Emma, at the Seattle Animal Shelter
Image via Wikipedia

We recently lost our beloved cat, Scamper. We still miss him terribly and it was very hard on the kids as they became so attached to him like a fellow family member.

As adults, we know that animals won’t live forever. Children often don’t understand this and it can come as a shock to them when a beloved pet passes away. Here are ways to help your child cope when a pet dies.

Most children consider pets to be members of the family. Perhaps you had your dog or cat before your child was born and your child was raised with it always being there. They have given your child unconditional love and they will be missed.

* Allow your child the opportunity to cry as much as needed. This may be your child’s first brush with death; giving them the freedom to grieve will help them process the death and deal with other deaths in the future.

* The death of a pet may bring up thoughts about people dying, including you and them. If your family has a particular belief system about life after death, you’ll want to use this time to explain your beliefs.

* Let your child ask questions and try to respond to them on their level. Be honest with them when answering questions. The important thing is to comfort and explain in a way they’ll understand.

* Keep explanations short. Pay attention to their body language and stop if they seem tired. Let them take a break and come back when they’re ready for you to answer more questions.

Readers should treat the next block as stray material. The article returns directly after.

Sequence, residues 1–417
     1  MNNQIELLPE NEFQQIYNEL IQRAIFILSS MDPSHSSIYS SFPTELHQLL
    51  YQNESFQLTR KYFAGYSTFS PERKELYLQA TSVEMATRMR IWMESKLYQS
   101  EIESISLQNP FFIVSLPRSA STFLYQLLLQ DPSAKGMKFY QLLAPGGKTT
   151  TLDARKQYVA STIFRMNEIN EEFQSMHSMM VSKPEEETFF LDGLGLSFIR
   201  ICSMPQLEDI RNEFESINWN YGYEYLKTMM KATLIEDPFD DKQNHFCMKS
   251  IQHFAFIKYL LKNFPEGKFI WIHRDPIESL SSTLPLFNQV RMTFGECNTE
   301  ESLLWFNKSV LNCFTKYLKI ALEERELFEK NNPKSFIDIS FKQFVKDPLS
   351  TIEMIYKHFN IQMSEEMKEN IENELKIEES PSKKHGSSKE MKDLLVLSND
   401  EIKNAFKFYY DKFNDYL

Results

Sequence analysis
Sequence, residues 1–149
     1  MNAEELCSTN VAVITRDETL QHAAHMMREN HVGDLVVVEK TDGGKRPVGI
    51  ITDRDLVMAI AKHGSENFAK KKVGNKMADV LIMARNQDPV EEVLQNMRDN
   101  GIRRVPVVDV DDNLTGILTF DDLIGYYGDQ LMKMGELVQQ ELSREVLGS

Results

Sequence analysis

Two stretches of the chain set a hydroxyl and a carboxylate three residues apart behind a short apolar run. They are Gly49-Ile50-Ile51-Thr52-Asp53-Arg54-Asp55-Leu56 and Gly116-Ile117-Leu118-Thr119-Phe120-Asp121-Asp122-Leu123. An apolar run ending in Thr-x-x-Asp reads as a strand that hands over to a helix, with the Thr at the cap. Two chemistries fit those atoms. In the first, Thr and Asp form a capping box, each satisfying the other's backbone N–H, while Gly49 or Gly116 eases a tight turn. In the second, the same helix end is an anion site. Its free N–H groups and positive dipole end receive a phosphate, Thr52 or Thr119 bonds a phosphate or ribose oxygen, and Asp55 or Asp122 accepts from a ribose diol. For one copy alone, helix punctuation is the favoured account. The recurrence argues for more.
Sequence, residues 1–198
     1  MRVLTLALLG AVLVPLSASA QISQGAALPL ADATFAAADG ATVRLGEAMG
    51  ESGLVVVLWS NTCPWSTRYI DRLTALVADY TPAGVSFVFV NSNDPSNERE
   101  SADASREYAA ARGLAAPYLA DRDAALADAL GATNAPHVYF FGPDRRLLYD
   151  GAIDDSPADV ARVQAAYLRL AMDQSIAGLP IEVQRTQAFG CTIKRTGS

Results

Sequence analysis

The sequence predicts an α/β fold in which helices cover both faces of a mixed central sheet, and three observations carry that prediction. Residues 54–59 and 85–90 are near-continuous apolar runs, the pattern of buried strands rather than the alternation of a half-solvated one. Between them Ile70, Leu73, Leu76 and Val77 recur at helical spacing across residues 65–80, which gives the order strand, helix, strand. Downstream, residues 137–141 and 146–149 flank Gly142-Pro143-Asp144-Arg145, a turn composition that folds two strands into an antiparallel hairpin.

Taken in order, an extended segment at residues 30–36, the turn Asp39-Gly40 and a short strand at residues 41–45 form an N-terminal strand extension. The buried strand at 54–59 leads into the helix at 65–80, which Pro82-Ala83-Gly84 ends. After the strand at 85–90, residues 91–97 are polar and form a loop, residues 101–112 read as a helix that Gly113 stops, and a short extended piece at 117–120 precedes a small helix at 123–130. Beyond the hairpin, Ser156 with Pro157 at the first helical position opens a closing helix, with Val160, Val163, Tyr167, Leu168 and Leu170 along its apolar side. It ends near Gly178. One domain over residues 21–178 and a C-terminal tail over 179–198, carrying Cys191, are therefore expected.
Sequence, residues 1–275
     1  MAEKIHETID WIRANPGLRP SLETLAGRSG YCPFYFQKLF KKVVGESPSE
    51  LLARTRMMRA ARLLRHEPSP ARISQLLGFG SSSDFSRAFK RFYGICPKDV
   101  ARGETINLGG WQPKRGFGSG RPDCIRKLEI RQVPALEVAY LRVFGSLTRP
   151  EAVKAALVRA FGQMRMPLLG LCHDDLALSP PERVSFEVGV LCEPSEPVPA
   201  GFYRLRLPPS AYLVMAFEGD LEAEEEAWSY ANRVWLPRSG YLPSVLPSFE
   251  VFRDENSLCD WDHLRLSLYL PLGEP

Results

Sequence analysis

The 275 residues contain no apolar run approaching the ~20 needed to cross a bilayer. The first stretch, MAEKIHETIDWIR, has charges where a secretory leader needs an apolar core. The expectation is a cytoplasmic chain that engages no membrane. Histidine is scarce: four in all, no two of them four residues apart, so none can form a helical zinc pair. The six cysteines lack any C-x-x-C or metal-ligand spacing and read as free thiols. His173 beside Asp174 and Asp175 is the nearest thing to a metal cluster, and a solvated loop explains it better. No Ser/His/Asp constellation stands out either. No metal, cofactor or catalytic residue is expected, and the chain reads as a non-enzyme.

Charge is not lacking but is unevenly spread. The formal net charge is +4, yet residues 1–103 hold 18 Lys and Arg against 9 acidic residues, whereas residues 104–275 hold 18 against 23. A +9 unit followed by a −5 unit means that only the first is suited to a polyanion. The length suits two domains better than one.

* Be honest about the pet’s death. Tell them what death means – that the heart stopped beating – and the pet won’t be coming back. Avoid saying you had the pet “put to sleep” because it may make your child afraid to go to sleep.

* If you have to euthanize a pet, involve the child in the decision. Tell them the vet will give them a shot which will stop their heart and they will peacefully die. It may be easier on your child if they aren’t present, but that decision is up to you and the vet.

* Be sure your child knows the death of the pet isn’t their fault. They need to understand their pet’s death wasn’t due to their being “bad” or because they didn’t take care of the pet better.

* Expect emotions like shock, disbelief, denial, insecurity, loneliness, anger, and guilt. These are universal feelings people share whether they’ve lost a person or a pet they’ve loved.

* Accept your child’s feelings and respond with compassion. Children need to express their feelings, and know they are safe doing so, if they are going to process their grief in a healthy way.

* Give your child a chance to say good-bye. If you can’t bury the pet at home, you can still make a place where your child can go to remember them.

* Don’t rush to replace the pet. Give your child a chance to grieve before buying another pet. When it is time, let them help find and choose a new pet. The local Humane Society or animal shelter would be a good place to start your search.

Help your child remember the pet with love and gratitude for the special bond they shared. Losing a pet can be a traumatic event, especially for younger children. By using some of these ways to help your child cope when a pet dies, it may make the journey to healing a little easier for both of you.

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